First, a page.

Rewatch Short Cut with Richard Layard: The Benefits of Wellbeing as a Public Policy Objective

What makes for a happy society and a happy life? We invited leading wellbeing expert and economist Lord Richard Layard to discuss the findings of his latest book, Wellbeing: Science and Policy.




28. JUNE 2023



For many people, the idea that the ultimate goal of a society should be the wellbeing of its people is an intuitive one. But for a long time, scientists had no good way of measuring happiness. As a result, they relied on income as a proxy for societal success, with GDP per capita as the primary target. However, as a large body of empirical evidence shows, income explains only a small fraction of the variance in wellbeing across countries. Today, policymakers around the world, including the European Commission and Germany, are increasingly turning to measures of progress ‘beyond GDP‘.

But what produces a happy society and a happy life? More than 15 years ago, leading economist Richard Layard set a milestone with his book ‘Happiness’. Now he has followed up with a new important publication. In ‘Wellbeing: Science and Policy’ Layard and his co-author Jan-Emmanuel De Neve analyze major new data on how to measure happiness.

Their findings have enormous implications for government, society, and the economy. The science of wellbeing challenges the prevailing economic narrative, according to which people do what is best for their own wellbeing and the process of voluntary exchange leads to the greatest possible wellbeing for all parties. On this basis, laissez-faire will solve most problems. Today we know that people are not so good at pursuing their own interests. They become addicts, or exercise little. People are also highly influenced by how decisions are presented to them, so their preferences are often not clearly defined. And in the short term, people are loss averse – which can lead to greater losses in the long term.

The second important point is that everyone is affected to a large extent by how other people behave. This is a case of what economists call “externalities” – things that happen to you that do not occur through voluntary exchange. Economists have always emphasized that “externalities” require government action, but they have not always recognized the pervasiveness of externalities in human life.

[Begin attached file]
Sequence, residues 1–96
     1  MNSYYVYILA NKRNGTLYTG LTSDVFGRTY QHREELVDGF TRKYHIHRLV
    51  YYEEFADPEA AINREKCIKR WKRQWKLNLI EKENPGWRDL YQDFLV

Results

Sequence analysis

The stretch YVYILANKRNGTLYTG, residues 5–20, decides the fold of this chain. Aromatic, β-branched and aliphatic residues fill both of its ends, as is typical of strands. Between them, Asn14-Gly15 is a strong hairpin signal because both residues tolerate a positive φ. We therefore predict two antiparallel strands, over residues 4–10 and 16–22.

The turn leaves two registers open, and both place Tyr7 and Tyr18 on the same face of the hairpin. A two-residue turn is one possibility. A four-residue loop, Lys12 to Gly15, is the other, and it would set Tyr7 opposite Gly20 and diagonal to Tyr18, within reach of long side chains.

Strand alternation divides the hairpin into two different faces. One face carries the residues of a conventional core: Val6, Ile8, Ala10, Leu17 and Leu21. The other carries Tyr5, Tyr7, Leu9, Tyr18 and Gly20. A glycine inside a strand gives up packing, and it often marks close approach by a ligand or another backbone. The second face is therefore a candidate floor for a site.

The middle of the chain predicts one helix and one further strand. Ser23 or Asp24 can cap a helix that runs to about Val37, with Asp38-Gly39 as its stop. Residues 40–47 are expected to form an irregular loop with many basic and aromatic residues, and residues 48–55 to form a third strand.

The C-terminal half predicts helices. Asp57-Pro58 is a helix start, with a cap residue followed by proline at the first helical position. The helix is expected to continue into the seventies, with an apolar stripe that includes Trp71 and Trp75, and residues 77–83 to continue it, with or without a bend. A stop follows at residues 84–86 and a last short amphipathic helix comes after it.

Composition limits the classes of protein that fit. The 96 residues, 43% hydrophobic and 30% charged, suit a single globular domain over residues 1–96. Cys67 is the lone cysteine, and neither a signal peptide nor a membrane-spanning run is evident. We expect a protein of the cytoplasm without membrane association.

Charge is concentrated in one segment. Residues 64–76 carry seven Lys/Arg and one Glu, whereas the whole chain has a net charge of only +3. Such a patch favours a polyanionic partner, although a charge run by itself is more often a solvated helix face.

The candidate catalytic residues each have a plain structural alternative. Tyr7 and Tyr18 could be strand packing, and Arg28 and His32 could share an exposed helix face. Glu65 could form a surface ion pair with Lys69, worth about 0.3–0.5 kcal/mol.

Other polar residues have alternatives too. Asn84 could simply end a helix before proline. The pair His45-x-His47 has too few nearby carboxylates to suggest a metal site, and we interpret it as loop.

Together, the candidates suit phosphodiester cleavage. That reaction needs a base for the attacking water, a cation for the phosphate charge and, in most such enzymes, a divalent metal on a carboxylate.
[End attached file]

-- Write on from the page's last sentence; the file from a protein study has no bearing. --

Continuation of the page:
Where traditional economics falls short, wellbeing science allows us to understand what is key to a happier society. It helps us identify the factors that matter most to our wellbeing and how they can be changed for the better, and it provides a yardstick against which we can test whether particular policies generate enough human wellbeing relative to their net cost to the state.

In ‘Wellbeing: Science and Policy’, Layard and De Neve make concrete suggestions about how policymakers should spend their money if they want to increase wellbeing. They show that there are many wellbeing enhancing policies that cost little, though some of them are grossly underfunded, among them psychological therapy, especially for children, elderly care, or community services. And they show why policy makers should care not only about what influences wellbeing, but about how wellbeing influences everything – from our health to our voting behavior to economic productivity.

We invited co-author and LSE economist Lord Richard Layard to discuss his insights at our New Economy Short Cut with Alessio Terzi from the EU Commission’s economic unit and Nicola Brandt from OECD Berlin.

Rewatch the discussion



Do we need a whole new understanding of economic growth? What would be a real alternative? How viable are alternatives to GDP when it comes to measuring prosperity? These and other more fundamental challenges are what this section is about.